Science

Solar/wind vs. nuclear energy: Which is better?

WRITTEN BY
08/17/22
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Fact Box

  • About 454 nuclear reactors supply power for 31 countries worldwide, representing around 10% of global electricity consumption. 
  • According to the US Wind Turbine Database, in 2022, over 72,000 wind turbines were generating power in 44 US states, as well as Guam and Puerto Rico. 
  • A young French physicist named Edmond Becquerel discovered the basis of solar power, the photovoltaic effect, in 1839. 
  • A recent Pew Research Center survey revealed that 72% of US adults say that the US government should “encourage production of wind and solar power,” while only 35% felt the same about nuclear power.

Suzanne (Nuclear)

Modern living and the progress of developing countries depend on the cheap, plentiful and reliable energy supplied by the fossil fuel and nuclear industries. Nuclear power, in particular, significantly reduces greenhouse gas emissions worldwide while simultaneously meeting the increased energy demands of a growing world population and sustaining global development. Though constantly smeared, nuclear energy is, in reality, a safe, reliable, and effective means of energy production that emits practically no greenhouse gasses and produces manageable waste that does not harm the environment. Regarding carbon emissions, client scientists continue to disagree on whether the increased presence of CO2 in the atmosphere is solely a man-made and negative effect, as there are a myriad of factors that go into something as complex as climate. It’s too simplistic a view to lay all the blame on an ever-changing climate on carbon dioxide, a naturally occurring and essential chemical for all life on earth. 

Conversely, solar and wind only provide energy on minuscule scales and are unreliable, weak sources of energy. They only work while the sun shines and the wind blows. They cannot be stored or saved. They require vast amounts of money and space to operate and rely on additional fossil fuels not only to build their panels and turbines but also as a backup when they inevitably cease to provide the power needed during harsh seasonal months when sunlight and wind are scarce. This is why, even with the help of government subsidies, no country has come close to being even 50% powered by renewable energy. To continue enjoying the amazing standard of living we have today, we need policies that allow nuclear energies to continue without hindrance.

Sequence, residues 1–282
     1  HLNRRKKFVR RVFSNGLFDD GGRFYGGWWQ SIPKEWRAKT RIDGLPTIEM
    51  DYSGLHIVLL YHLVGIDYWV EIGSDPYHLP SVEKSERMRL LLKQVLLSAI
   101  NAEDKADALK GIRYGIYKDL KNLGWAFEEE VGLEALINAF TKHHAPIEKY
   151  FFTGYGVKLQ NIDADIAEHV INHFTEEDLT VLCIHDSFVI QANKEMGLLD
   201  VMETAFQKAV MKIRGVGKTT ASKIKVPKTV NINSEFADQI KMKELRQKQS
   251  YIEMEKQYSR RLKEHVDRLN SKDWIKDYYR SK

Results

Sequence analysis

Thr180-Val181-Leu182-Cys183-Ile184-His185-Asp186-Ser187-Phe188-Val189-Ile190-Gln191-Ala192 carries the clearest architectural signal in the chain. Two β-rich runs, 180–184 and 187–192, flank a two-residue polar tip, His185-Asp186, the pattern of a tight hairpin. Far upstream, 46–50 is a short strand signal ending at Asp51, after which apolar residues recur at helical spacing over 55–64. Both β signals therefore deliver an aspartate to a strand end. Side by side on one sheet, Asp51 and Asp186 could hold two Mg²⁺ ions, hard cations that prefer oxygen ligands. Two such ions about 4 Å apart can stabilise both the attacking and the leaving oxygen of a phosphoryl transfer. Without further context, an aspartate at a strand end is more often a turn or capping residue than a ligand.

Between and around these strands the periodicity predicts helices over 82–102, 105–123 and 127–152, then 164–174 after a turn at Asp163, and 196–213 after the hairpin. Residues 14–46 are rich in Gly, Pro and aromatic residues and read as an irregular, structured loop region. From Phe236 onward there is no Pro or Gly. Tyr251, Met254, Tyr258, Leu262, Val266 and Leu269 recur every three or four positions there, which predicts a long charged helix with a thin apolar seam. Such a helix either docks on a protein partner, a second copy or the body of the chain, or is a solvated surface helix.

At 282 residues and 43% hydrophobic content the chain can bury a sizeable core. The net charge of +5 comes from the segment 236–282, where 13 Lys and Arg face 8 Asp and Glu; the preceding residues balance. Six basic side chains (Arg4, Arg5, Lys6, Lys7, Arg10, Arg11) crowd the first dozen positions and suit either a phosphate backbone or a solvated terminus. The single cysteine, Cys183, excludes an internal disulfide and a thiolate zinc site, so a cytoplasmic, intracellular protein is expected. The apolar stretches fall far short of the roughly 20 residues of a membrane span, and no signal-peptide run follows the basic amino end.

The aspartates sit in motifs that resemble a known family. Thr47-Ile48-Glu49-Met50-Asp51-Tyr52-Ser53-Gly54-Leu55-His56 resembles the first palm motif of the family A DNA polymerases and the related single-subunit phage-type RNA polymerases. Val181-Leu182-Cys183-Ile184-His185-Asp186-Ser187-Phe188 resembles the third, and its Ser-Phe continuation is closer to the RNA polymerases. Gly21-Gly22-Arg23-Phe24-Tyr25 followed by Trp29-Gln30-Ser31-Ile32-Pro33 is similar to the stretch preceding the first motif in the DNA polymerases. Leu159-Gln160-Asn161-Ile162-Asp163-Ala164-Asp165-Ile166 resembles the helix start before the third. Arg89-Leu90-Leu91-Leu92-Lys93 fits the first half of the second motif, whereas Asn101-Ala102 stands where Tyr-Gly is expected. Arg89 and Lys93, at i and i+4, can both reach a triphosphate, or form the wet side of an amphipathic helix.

Nalda (Solar/Wind)

Coal-fueled power plants have burdened our environment with airborne pollutants known to damage health. These plants also produce over 100 million tons of coal ash annually leading to polluted waterways and contaminated water supplies. However, the largest issue associated with coal-burning power plants is their carbon emissions, which are directly connected to global warming.

Clearly, we need to redirect our energy investments into options that don’t add to carbon emissions. Investing in a combination of wind and solar energy offers us the best solution to reducing carbon emissions from energy production without trading the issue of toxic wastes in the form of coal ash and air pollutants for that of nuclear waste. 

Although a small amount of carbon pollution is created during the process of manufacturing solar power panels and wind turbines and developing solar farms and wind arrays, these plentiful energy sources are themselves pollution-free. 

Nuclear power plants cast off huge amounts of waste. Although the majority of nuclear waste is considered “low level” waste, the International Atomic Energy Agency indicates that a nuclear reactor sufficient to power a city the size of Amsterdam (approximately 1000MW (e)) will produce around 30 tons of “high level” waste annually. This waste is highly radioactive, toxic, and extremely long-lived. It takes around 10,000 years for the radioactivity levels of “high level” waste to return to the levels it had when originally mined.

Energy produced with wind or solar power has no such safety risk attached to it—both methods are renewable, meaning “naturally replenishing resource[s] that produce[s] zero emissions.” In the aftermath of the Fukushima disaster, it’s common sense to invest in solar and wind power going forward.

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